For Richer, For Poorer

brideandgroom.JPGIn honor of National Weddings Month, Keith Ross, Regional Director at Roni Deutch Tax Center, has written up these top tax tips for newlyweds or soon-to-be married couples:

“For better, for worse, for richer, for poorer, in sickness and in health, till death do us part, and most of all, to lower our taxes.” Yes, that is correct: getting married and filing jointly can perhaps lower your taxes.

1. Filing jointly.

Being married allows you to file “Married filing jointly”, and this alone, can lower your taxes paid to the IRS each year. Once your combined adjusted gross income reaches above $7850, you may be able start saving on taxes. Although there is not a lot of savings, but every little bit helps.

2. Filing separately.

Filing separately may seem to be the solution when one party is normally accustomed to a tax refund and the other party pays into their taxes at the end of each year but the filing status “Married Filing Separately” could have its downfall, too.

For instance, you will not get to utilize certain credits filing this way, such as “Earned Income Credit or Education Credits” and if there are children to report on your return you are giving up on other credits, such as “Child Dependant Care Credit.” So consult with a tax professional before making your filing status choice. A lot can change, in regards to your tax matter, when tying the knot.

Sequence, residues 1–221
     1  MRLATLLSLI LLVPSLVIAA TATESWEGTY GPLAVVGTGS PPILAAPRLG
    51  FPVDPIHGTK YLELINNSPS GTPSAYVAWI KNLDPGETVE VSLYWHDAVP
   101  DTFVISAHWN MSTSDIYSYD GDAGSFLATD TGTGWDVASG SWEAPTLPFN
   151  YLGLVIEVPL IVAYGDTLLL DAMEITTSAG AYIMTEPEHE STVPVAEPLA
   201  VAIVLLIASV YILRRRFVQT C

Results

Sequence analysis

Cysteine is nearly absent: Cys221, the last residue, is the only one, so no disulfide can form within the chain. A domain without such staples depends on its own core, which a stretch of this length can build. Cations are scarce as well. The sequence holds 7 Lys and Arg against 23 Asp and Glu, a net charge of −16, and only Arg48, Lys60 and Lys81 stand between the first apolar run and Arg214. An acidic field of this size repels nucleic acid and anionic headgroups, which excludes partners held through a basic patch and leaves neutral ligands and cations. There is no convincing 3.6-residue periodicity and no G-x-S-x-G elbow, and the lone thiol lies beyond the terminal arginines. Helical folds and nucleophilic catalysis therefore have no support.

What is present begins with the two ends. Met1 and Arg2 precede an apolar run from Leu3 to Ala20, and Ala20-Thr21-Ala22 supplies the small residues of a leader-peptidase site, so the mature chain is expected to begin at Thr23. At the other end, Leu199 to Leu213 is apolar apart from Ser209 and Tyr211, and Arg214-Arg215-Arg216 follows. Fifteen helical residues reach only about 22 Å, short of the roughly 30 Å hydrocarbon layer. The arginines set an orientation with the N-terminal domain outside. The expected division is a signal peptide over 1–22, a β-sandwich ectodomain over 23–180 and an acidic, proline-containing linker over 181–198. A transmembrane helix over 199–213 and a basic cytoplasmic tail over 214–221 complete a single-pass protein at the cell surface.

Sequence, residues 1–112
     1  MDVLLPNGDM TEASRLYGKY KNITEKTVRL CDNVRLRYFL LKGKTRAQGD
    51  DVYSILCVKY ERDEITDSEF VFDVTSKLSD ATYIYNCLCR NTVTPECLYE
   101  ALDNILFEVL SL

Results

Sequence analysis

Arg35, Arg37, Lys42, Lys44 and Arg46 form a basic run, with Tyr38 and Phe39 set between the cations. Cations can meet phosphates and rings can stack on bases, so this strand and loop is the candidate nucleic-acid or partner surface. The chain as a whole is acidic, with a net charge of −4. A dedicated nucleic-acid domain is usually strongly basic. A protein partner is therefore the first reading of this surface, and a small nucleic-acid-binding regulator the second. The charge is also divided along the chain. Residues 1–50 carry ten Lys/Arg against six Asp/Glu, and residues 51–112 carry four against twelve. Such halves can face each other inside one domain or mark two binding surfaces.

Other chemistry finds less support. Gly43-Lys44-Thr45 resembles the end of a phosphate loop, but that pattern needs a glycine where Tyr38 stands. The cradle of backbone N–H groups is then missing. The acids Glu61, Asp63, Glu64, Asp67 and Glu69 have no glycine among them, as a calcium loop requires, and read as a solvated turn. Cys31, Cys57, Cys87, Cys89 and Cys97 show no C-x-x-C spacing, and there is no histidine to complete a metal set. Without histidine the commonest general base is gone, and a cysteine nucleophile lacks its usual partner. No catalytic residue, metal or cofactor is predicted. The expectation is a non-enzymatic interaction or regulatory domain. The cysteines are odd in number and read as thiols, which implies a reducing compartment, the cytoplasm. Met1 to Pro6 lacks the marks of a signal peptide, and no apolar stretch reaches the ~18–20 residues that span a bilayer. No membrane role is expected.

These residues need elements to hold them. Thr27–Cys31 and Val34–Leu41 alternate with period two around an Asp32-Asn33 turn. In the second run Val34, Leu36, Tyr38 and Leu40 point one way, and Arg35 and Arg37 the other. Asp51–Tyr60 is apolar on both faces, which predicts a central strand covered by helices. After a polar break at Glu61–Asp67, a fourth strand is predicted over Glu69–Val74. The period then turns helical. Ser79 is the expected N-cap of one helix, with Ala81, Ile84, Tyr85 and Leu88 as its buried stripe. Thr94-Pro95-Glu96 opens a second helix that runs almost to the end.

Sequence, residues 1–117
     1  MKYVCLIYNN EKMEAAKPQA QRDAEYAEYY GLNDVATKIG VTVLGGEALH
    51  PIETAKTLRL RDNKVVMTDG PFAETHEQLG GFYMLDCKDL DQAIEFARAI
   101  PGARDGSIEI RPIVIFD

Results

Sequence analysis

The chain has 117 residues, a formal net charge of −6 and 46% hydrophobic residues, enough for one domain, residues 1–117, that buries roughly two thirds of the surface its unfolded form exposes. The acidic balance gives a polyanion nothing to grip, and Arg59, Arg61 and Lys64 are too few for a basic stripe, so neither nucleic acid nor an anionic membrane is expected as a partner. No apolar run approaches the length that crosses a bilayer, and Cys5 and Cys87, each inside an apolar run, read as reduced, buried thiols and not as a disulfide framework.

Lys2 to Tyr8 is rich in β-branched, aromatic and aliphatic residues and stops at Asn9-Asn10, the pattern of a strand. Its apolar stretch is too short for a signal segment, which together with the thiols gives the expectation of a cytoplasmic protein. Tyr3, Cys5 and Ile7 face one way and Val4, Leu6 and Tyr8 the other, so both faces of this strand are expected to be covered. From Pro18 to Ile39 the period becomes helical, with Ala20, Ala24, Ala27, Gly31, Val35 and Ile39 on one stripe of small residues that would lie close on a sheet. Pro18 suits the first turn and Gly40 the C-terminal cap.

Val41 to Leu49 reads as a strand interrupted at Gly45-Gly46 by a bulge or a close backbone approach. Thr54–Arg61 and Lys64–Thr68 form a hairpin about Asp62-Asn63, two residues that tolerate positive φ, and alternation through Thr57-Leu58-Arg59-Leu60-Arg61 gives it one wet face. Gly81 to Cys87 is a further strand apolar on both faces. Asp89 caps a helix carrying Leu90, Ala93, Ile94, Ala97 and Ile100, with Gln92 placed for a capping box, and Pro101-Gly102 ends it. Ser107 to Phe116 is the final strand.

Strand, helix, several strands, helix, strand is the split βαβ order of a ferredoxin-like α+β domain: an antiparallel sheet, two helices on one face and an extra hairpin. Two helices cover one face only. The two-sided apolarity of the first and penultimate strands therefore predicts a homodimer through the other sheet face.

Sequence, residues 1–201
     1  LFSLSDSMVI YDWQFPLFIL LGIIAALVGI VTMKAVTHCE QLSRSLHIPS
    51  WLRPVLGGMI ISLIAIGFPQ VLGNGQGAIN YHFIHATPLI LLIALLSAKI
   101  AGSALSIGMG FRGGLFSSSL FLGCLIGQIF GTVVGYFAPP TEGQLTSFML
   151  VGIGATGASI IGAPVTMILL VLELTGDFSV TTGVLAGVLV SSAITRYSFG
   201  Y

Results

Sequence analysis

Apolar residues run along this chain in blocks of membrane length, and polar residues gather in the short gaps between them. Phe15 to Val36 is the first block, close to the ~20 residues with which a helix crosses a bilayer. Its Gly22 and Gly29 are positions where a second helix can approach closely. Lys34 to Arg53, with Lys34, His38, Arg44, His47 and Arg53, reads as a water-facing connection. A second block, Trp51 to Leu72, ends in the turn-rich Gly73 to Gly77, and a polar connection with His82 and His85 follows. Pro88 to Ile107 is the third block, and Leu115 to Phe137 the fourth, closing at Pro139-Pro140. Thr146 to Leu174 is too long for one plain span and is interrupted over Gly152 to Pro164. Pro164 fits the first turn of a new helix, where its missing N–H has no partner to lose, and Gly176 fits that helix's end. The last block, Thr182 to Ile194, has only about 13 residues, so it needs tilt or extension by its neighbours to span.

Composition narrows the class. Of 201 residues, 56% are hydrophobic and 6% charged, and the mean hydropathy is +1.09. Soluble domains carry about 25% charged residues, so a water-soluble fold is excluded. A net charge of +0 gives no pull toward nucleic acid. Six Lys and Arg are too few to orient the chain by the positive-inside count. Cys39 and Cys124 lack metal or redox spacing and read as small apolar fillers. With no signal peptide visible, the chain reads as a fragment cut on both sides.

3. Name change.

When you are accepting the last name of your spouse, it is important to inform the Social Security Administration of your name change, prior to using your new last name on your future tax returns. (you’ll need to complete and file form SS-5). By not submitting a SS-5 to Social Security, this may cause a processing delay in your tax return.

4. Taxes withheld.

You may also want to make proper changes to your Employee Withholding Allowance Certificate (W-4). Making the Change from “Single” to” Married” means having less federal tax withheld. This again may require consulting with your tax professional or the payroll department of your employer.

Thanks to Keith Ross! Have an administrative marriage tip? Share below!

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